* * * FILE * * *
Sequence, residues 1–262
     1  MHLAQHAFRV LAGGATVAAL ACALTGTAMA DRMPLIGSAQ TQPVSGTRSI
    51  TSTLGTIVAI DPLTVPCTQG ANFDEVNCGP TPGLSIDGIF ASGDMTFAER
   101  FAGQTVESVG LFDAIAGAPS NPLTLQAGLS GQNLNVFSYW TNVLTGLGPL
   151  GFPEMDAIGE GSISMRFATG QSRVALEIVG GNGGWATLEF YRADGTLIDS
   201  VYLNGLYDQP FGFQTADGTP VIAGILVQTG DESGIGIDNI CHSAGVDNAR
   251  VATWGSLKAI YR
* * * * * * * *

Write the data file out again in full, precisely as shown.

Sequence, residues 1–262
     1  MHLAQHAFRV LAGGATVAAL ACALTGTAMA DRMPLIGSAQ TQPVSGTRSI
    51  TSTLGTIVAI DPLTVPCTQG ANFDEVNCGP TPGLSIDGIF ASGDMTFAER
   101  FAGQTVESVG LFDAIAGAPS NPLTLQAGLS GQNLNVFSYW TNVLTGLGPL
   151  GFPEMDAIGE GSISMRFATG QSRVALEIVG GNGGWATLEF YRADGTLIDS
   201  VYLNGLYDQP FGFQTADGTP VIAGILVQTG DESGIGIDNI CHSAGVDNAR
   251  VATWGSLKAI YR